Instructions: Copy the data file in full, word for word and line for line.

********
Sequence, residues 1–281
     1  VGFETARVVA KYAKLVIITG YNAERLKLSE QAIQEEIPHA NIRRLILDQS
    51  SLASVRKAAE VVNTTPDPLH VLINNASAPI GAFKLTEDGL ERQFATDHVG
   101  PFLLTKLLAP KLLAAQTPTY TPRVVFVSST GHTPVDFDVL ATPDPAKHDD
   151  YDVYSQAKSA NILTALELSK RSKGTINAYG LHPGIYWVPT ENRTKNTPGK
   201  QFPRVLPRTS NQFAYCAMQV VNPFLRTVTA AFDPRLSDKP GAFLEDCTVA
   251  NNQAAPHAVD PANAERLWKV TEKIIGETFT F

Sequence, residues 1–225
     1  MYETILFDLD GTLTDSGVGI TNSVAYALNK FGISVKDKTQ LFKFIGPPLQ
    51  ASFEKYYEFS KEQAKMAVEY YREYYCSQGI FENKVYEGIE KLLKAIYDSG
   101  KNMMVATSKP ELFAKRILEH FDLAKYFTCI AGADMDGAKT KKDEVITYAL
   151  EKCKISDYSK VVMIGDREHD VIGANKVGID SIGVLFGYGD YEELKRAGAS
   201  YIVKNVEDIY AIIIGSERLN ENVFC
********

Sequence, residues 1–281
     1  VGFETARVVA KYAKLVIITG YNAERLKLSE QAIQEEIPHA NIRRLILDQS
    51  SLASVRKAAE VVNTTPDPLH VLINNASAPI GAFKLTEDGL ERQFATDHVG
   101  PFLLTKLLAP KLLAAQTPTY TPRVVFVSST GHTPVDFDVL ATPDPAKHDD
   151  YDVYSQAKSA NILTALELSK RSKGTINAYG LHPGIYWVPT ENRTKNTPGK
   201  QFPRVLPRTS NQFAYCAMQV VNPFLRTVTA AFDPRLSDKP GAFLEDCTVA
   251  NNQAAPHAVD PANAERLWKV TEKIIGETFT F

Sequence, residues 1–225
     1  MYETILFDLD GTLTDSGVGI TNSVAYALNK FGISVKDKTQ LFKFIGPPLQ
    51  ASFEKYYEFS KEQAKMAVEY YREYYCSQGI FENKVYEGIE KLLKAIYDSG
   101  KNMMVATSKP ELFAKRILEH FDLAKYFTCI AGADMDGAKT KKDEVITYAL
   151  EKCKISDYSK VVMIGDREHD VIGANKVGID SIGVLFGYGD YEELKRAGAS
   201  YIVKNVEDIY AIIIGSERLN ENVFC